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David Ashby

What Security Means at Kindling

Last week’s excellent 99% Invisible podcast detailed the history of locksmithing and lockpicking, and, as a consequence, the historically anomalous 70-odd year period when a concept called “complete security” existed. You should listen to it in full, but here’s the short version: an inventor named Joseph Bramah once created a lock that nobody could pick, despite his publishing full schematics of its inner workings. For awhile, it was possible to lock something, and be completely sure that (as long as the lock prevented opening the only way in or out) whatever was behind the lock was safe—until, inevitably, someone picked the lock. That finally occurred in 1851, and nothing has been totally, 100% secure since. Fortunately, today, when companies rely on data security and intellectual property for their success, we’re capable of coming extremely close to 100%.

Administering Kindling’s systems as a DevOps Engineer means security practices, protocols, and concerns are very much part of my matrix. We just published an overview of Kindling security from personnel protocols to tech measures, and anyone who is interested in the nitty-gritty of our protection practices should absolutely read that. To give it some context, I’d like to share a little bit of ancillary information about how, and why, we think about security here at Kindling.

The main reason security is key for our product is that customers trust our software to manage and protect the ideas which give them their greatest competitive advantage, and which precipitate their next moves as a business. We take that trust very, very seriously, and in addition to the various levels of compliance required by both laws that apply to us and laws that separately apply to customers, we also take many steps and measures that enhance the security of our product, and our customers’ data, well beyond regulatory requirements.

In the past, information security was both easier and harder for enterprises, who often owned and managed their entire stack on-premise, from top to bottom. While this meant that security was entirely the managing entity’s responsibility, it also made access to any given piece of technology much more controllable (for someone who knew what they were doing). Today, a stack is distributed across an array of services, locations, connections, and products which all talk to one another, and this arrangement also has benefits and drawbacks.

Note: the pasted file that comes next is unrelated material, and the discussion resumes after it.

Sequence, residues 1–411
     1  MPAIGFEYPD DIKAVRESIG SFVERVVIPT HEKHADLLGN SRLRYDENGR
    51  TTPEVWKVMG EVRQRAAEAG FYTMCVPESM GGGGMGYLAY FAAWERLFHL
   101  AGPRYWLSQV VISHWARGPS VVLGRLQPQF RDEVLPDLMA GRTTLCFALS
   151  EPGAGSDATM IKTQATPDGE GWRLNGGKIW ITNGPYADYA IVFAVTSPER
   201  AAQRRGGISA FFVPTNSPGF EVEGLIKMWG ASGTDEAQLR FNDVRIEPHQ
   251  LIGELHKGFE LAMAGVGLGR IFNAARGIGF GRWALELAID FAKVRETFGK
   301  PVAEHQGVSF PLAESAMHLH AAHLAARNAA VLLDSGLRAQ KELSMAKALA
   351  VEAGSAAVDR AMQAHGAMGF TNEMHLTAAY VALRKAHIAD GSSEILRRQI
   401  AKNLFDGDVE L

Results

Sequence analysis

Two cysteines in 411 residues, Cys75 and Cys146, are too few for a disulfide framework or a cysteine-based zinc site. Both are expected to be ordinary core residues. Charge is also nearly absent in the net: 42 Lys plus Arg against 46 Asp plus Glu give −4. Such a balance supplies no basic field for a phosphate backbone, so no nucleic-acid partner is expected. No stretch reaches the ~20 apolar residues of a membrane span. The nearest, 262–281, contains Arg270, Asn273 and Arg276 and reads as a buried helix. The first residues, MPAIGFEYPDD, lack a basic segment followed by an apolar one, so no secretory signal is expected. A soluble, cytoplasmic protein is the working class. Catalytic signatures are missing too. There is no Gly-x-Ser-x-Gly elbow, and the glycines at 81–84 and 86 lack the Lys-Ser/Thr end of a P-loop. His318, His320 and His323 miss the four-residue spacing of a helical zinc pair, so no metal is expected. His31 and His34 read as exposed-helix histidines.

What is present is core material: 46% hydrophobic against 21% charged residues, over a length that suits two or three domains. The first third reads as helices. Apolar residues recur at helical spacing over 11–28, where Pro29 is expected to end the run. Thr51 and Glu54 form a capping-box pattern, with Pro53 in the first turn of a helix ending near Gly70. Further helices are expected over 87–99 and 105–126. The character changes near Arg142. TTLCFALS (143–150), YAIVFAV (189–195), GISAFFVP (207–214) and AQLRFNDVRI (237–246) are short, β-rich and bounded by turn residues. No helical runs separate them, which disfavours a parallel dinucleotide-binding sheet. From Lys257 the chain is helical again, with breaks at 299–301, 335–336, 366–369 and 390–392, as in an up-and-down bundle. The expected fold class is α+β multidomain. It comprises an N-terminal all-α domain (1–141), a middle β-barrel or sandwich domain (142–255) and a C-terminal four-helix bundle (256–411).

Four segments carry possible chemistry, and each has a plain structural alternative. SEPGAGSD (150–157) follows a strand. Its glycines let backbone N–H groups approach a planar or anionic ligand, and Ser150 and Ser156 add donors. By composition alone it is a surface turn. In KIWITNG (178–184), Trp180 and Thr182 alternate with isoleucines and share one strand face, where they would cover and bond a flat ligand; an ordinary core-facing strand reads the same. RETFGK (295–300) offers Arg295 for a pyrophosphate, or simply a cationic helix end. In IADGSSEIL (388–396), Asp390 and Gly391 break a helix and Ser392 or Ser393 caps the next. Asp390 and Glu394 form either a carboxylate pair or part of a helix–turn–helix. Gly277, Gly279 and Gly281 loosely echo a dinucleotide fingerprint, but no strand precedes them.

A significant benefit of a distributed stack like Kindling’s is that the security is partially managed or facilitated by very powerful providers, like Amazon Web Services, our host, who not only require security to be as key a component to their offering as Kindling does to ours, but also have vast resources and extensive teams of engineers whose sole job is to dream up and implement ever-evolving new security measures, tests, and protocols, which means that we can sleep slightly easier knowing our data is in good hands. (Major examples of this include their new Key Management Service and their expanding support for turnkey full-disk encryption.)

On the other hand, interfacing with other people’s technology all the time means that we have to be their equal or better in protecting our customers’ data, because we need to ensure security on that data’s trip from the customer to the server and back to the customer. This puts the onus on me, as well as the rest of our team at Kindling, to implement features that customers want or require, in addition to the things that are just good practice. The latter reason is the impetus behind our use of SSL for all connections to and from our software in all cases, as well as our decision to encrypt all data at rest in our databases.

We also regularly assess the security of our services with any and all available tools, from virus scanning of all attachments to regular external penetration tests and the tracking of all vulnerability reports from around the security community, so we can stay as informed, responsive, and proactive on the issue of security as possible.

For my part, I follow security experts like Bruce Schneier as well as the recommendations and intel of groups like Qualys, to make sure my personal knowledge of the available and standard security features remains as up-to-date as possible.

Sometimes, customers ask me what they can do to maximize security, for which I always recommend that they have all employees use a password manager—which is a terrific idea for everyone, no matter who they are. I personally use 1Password, but the tool doesn't matter as much as preventing reuse of passwords—that way a breach at one organization that they have a login stored in doesn't result in other services being compromised.

If you’re interested in a more in-depth account of our security features, please check out our Security page. We may no longer have one unpickable lock, but we have the next best thing: a staggering number of locks that are almost impossible to pick.